Definition of “help” - English Dictionary

“help” in British English

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helpverb

uk /help/ us /help/

help verb (MAKE EASIER)

A1 [ I or T ] to make it possible or easier for someone to do something, by doing part of the work yourself or by providing advice, money, support, etc.:

How can I help you?
I wonder if you could help me - I'd like some information about flights to New Zealand.
My dad said he would help with the costs of (= give part of the cost of) buying a house.
[ + obj + (to) infinitive ] The $10,000 loan from the bank helped her (to) start her own business.
I feel that learning English will help (= improve) my chances of promotion at work.
Nothing can help her now (= her situation is too bad for anyone to be able to improve it).
See also

B2 [ I or T ] If something helps a difficult or painful situation, it improves it or makes it easier or less painful:

The morphine didn't seem to help (the pain).

[ + (to) infinitive ] If something or someone helps to do something, that thing or person is one of several reasons for it happening:

The drought has helped (to) make this a disastrous year for Somalia.

More examples

  • The college now has a counsellor to help students with both personal and work problems.
  • We've got to enlist some people to help prepare the food.
  • Could I have a glass of water to help these pills go down ?
  • It's kind of you to offer to help.
  • She derived great satisfaction from helping other people.

help verb (GIVE/TAKE)

B1 [ T ] to give something to someone:

Can I help you to some more soup?

More examples

  • Feel free to help yourself to coffee.
  • "May I help myself to some more food?" "Yes, of course."
  • I wish my lodger would ask before helping himself to my food.
  • My daughter just helps herself to anything she fancies from my wardrobe - usually my only good clothes!
  • I'm not sure whether we should be helping ourselves to these snacks - perhaps they're meant for later.

helpnoun

uk /help/ us /help/

A2 [ U ] the act of helping another person:

Do you need any help with those boxes?
Her parents gave her some help with her bank loan (= paid some of it).

B2 [ S ] something or someone that helps:

Having a satnav would be a help.
He was a great help (to me) while my husband was away.

[ C ] UK old-fashioned someone who is employed to clean and do other small jobs:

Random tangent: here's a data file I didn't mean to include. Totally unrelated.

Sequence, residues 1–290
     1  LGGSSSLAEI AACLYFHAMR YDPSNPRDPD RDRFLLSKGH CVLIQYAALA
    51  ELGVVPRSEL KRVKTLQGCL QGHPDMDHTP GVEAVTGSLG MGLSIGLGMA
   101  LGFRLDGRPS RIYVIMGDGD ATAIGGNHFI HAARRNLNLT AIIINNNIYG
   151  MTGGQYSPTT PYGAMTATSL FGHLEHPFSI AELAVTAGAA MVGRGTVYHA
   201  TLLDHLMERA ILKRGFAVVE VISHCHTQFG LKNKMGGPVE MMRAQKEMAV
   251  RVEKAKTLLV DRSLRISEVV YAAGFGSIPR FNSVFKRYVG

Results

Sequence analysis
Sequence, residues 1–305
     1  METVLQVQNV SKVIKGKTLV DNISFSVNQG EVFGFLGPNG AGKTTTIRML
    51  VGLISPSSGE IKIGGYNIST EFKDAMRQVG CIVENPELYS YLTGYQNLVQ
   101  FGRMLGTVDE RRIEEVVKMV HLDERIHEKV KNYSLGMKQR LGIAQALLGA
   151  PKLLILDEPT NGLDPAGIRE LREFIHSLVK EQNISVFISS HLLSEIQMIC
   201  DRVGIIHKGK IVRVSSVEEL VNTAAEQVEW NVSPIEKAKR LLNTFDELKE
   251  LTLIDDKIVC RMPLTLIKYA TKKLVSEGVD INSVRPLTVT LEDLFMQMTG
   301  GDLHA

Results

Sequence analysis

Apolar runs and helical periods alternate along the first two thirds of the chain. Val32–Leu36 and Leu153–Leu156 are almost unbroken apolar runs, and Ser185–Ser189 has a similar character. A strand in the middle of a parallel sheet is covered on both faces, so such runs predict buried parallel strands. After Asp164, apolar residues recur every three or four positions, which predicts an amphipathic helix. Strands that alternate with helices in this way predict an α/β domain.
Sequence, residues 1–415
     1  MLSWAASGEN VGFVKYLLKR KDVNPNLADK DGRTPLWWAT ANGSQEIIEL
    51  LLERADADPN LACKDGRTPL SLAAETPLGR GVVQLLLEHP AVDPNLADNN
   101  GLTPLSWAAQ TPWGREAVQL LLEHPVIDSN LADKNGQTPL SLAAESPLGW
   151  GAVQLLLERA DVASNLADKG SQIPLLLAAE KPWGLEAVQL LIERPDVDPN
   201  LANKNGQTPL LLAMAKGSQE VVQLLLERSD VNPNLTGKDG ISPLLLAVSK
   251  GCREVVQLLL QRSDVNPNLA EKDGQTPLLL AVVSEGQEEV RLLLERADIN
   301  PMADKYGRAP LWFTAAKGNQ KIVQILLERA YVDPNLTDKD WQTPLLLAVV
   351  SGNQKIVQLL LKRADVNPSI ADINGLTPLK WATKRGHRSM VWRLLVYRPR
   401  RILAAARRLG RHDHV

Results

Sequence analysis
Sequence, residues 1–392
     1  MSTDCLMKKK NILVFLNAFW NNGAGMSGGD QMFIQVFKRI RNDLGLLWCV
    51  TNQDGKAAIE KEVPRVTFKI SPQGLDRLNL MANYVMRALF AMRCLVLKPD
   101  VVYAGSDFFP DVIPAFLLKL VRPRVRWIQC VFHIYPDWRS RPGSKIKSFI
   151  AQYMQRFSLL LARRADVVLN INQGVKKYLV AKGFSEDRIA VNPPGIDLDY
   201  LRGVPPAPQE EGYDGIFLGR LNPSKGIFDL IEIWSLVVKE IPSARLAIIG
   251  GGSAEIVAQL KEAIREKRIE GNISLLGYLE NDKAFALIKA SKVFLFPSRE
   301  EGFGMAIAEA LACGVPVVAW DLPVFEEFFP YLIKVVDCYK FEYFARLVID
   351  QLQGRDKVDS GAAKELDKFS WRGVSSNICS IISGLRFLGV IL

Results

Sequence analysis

a home help
the help old-fashioned

a person or the people employed to work in someone's home doing cleaning, cooking, caring for children, etc.

More examples

  • The earthquake survivors are in desperate need of help.
  • If you can just hold on I'll go and get some help.
  • We really appreciate all the help you gave us last weekend.
  • More help is needed for people on low incomes.
  • If you need any help, please don't hesitate to ask.

helpexclamation

uk /help/ us /help/

(Definition of “help” from the Cambridge Advanced Learner's Dictionary & Thesaurus © Cambridge University Press)

“help” in American English

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helpverb

us /help/

help verb (MAKE EASIER)

[ I/T ] to make it possible or easier for someone to do something:

[ T ] How can I help you?
[ T ] Please help those less fortunate than you are.
[ + to infinitive ] Avoiding fatty foods and salt can help to bring down your blood pressure.

[ I/T ] If something helps a difficult or painful situation, it improves it or makes it easier or less painful:

[ T ] Aspirin will help relieve the pain.

[ I/T ] You shout "Help!" in an emergency when you need the immediate support of someone else.

help verb (GIVE/TAKE)

[ T ] to serve something to someone, or to take something for yourself:

Help yourself to more cake.

Idiom(s)

Phrasal verb(s)

helpnoun [ U ]

us /help/

help noun [ U ] (ACT OF HELPING)

the act of making it possible or easier for someone to do something:

Do you need help with those boxes?
My parents gave us financial help when we bought our first house.

(Definition of “help” from the Cambridge Academic Content Dictionary © Cambridge University Press)

“help” in Business English

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helpnoun [ U ]

uk /help/ us WORKPLACE

workers who are employed for a short time during periods when there is a lot of work:

We often take on help during the busy season.

(Definition of “help” from the Cambridge Business English Dictionary © Cambridge University Press)